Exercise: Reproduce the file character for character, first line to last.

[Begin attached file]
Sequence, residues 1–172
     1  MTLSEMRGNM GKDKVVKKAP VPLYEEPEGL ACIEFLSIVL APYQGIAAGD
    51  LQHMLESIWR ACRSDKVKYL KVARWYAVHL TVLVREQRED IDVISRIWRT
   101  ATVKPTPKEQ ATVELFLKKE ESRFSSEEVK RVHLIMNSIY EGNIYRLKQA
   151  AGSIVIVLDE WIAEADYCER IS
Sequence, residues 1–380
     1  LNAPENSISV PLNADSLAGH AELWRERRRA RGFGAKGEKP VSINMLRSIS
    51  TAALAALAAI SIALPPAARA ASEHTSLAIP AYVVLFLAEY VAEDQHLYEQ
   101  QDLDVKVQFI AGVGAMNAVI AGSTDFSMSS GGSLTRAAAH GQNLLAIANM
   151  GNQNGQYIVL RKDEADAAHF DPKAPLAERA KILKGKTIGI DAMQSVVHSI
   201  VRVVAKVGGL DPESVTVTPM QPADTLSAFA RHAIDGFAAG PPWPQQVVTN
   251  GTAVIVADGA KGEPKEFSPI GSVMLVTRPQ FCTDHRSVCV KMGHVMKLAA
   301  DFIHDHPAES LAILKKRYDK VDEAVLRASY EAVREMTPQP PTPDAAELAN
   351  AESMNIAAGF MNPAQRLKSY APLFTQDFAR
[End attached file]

Sequence, residues 1–172
     1  MTLSEMRGNM GKDKVVKKAP VPLYEEPEGL ACIEFLSIVL APYQGIAAGD
    51  LQHMLESIWR ACRSDKVKYL KVARWYAVHL TVLVREQRED IDVISRIWRT
   101  ATVKPTPKEQ ATVELFLKKE ESRFSSEEVK RVHLIMNSIY EGNIYRLKQA
   151  AGSIVIVLDE WIAEADYCER IS
Sequence, residues 1–380
     1  LNAPENSISV PLNADSLAGH AELWRERRRA RGFGAKGEKP VSINMLRSIS
    51  TAALAALAAI SIALPPAARA ASEHTSLAIP AYVVLFLAEY VAEDQHLYEQ
   101  QDLDVKVQFI AGVGAMNAVI AGSTDFSMSS GGSLTRAAAH GQNLLAIANM
   151  GNQNGQYIVL RKDEADAAHF DPKAPLAERA KILKGKTIGI DAMQSVVHSI
   201  VRVVAKVGGL DPESVTVTPM QPADTLSAFA RHAIDGFAAG PPWPQQVVTN
   251  GTAVIVADGA KGEPKEFSPI GSVMLVTRPQ FCTDHRSVCV KMGHVMKLAA
   301  DFIHDHPAES LAILKKRYDK VDEAVLRASY EAVREMTPQP PTPDAAELAN
   351  AESMNIAAGF MNPAQRLKSY APLFTQDFAR